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it's a cultivating breeding ground. give us specific examples why you believe this is such a concern. tell everybody at home. are people within the prison system have what they need to combat this? >> they don't. in new york we have had muslim chaplains convicted of smuggling razor blades into the inmates in jail. that muslim cap lane was a convicted murderer. we had one who just got out of prison. they radicalized him in prison. after that they followed up at a local mosque and they attempted to bomb a synagogue and attack stuart air force base in new york. martha: what kind of screening system do people have to go through in order to work in these prison systems? it's unbelievable when you say a chaplain snuck in a razor blade to help a muslim convict escape.
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>> a whole bag of razor blades he brought in. there is no serious vetting operation. because the muslim community does not have theological accept theiries. thertheirr -- thee long cal seminaries. we allowed people who are convicted themselves to sit on the boards and decide who the chaplain is. in a prison, a group of prisoners get certain rights and privileges. we have cases where muslim chaplains are allowing prisoners to make telephone calls overseas to overseas radical groups and accept phone calls back in. martha: they are getting privileges other prisoners are not getting and allows them to carry out that activity behind prison walls. peter king, chairman of the homeland security committee.
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we want to tell you about this. within the last half-hour the obama administration is coming under intense fire for a report that big-time donors to the president's campaign received very influential government jobs, and some questions involving why the former company of a top donor ended up getting millions of dollars in stimulus money. white house press secretary jay carney on the defensive today at the daily briefing. mike emanuel joins us with more. you posed that question to him about mr. gipps who was with level three communications. he garnered a high level position in the administration and his company received a lot of stimulus money. >> reporter: let me give credit to those who did the investigation. that gentleman donald gepps brought together this contacts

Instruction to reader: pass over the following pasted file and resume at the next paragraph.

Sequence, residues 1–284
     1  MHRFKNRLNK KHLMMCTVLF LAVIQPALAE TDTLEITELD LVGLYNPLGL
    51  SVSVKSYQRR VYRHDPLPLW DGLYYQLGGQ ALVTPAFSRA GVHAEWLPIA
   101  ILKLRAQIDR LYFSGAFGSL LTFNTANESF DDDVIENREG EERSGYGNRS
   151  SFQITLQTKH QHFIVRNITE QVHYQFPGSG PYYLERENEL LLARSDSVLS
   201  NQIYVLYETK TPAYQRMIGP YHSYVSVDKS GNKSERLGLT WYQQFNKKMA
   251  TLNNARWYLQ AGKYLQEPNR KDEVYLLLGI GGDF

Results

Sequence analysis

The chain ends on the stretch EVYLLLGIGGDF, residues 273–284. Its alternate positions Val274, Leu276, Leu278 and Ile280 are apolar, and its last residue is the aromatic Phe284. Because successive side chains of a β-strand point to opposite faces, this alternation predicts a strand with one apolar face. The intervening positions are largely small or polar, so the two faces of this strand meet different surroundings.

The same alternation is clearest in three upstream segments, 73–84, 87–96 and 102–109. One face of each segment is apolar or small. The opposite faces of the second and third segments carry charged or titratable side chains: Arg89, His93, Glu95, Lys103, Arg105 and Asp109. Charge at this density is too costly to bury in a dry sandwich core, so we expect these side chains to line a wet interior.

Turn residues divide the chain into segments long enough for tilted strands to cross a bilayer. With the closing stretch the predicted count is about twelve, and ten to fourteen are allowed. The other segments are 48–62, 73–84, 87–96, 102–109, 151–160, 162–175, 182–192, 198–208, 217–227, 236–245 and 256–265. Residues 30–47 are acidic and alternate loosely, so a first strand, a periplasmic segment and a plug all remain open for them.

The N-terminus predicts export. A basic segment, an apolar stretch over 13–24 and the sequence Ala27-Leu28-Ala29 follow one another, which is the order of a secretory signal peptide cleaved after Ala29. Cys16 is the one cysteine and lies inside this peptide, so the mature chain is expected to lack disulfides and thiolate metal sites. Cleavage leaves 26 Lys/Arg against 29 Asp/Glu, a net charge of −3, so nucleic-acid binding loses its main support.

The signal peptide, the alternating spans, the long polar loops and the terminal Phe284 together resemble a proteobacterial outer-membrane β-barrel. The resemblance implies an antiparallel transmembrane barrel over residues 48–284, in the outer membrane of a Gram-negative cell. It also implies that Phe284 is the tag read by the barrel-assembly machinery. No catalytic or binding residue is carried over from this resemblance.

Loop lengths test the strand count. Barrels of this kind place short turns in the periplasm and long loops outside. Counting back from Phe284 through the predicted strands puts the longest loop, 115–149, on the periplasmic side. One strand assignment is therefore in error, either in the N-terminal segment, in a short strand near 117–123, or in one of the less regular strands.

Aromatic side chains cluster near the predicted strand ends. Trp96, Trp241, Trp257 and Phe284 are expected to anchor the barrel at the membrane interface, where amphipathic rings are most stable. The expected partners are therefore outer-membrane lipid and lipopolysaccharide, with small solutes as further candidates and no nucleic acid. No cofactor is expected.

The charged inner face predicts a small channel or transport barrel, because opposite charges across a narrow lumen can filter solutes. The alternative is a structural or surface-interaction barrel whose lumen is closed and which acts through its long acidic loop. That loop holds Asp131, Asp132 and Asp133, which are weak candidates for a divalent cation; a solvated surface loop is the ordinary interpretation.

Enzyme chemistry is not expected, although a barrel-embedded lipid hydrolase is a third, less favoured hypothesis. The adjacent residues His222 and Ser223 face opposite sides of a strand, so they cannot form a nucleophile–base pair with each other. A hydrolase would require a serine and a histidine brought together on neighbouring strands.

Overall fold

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to raise a half million for the obama campaign was ultimately given the post of being u.s. ambassador to south africa. following the money further, his company who had him as a bundler, people who generate lots of money for a campaign and several other got $13.8 million in stimulus money. so that was some of the line of questioning in today's briefing. here is how jay carney responded to some of those questions. >> it does not disqualify you to work for this administration, it hasn't disqualified you in any previous administration to have been a supporter of the united states and helped raise money for the president of the united states. nor does it qualify you or get you a job. you have to have the skills and credentials to do it. and around ethical standard are unmatched by any previous administration. our efforts of transparency are
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unprecedented. >> reporter: he says the administration stands by its record and the qualifications of people named to various administration posts. but after running on saying money is not going to be the dominant influence in this town, they are going to change the tone in washington, obviously this report is raising some eyebrows. martha: this is from eye watch. this study was done. thank you very much. mike emanuel, our reporter at the white house. we have breaking news that just getting in here. it has to do with former vice presidential candidate john edward. we'll show you a picture of this politician like you have never seen before. the walls are caving in around congressman anthony weiner and people are sounding these alarms. listen. >> a lot of his behavior was inappropriate. but he is a bulldog.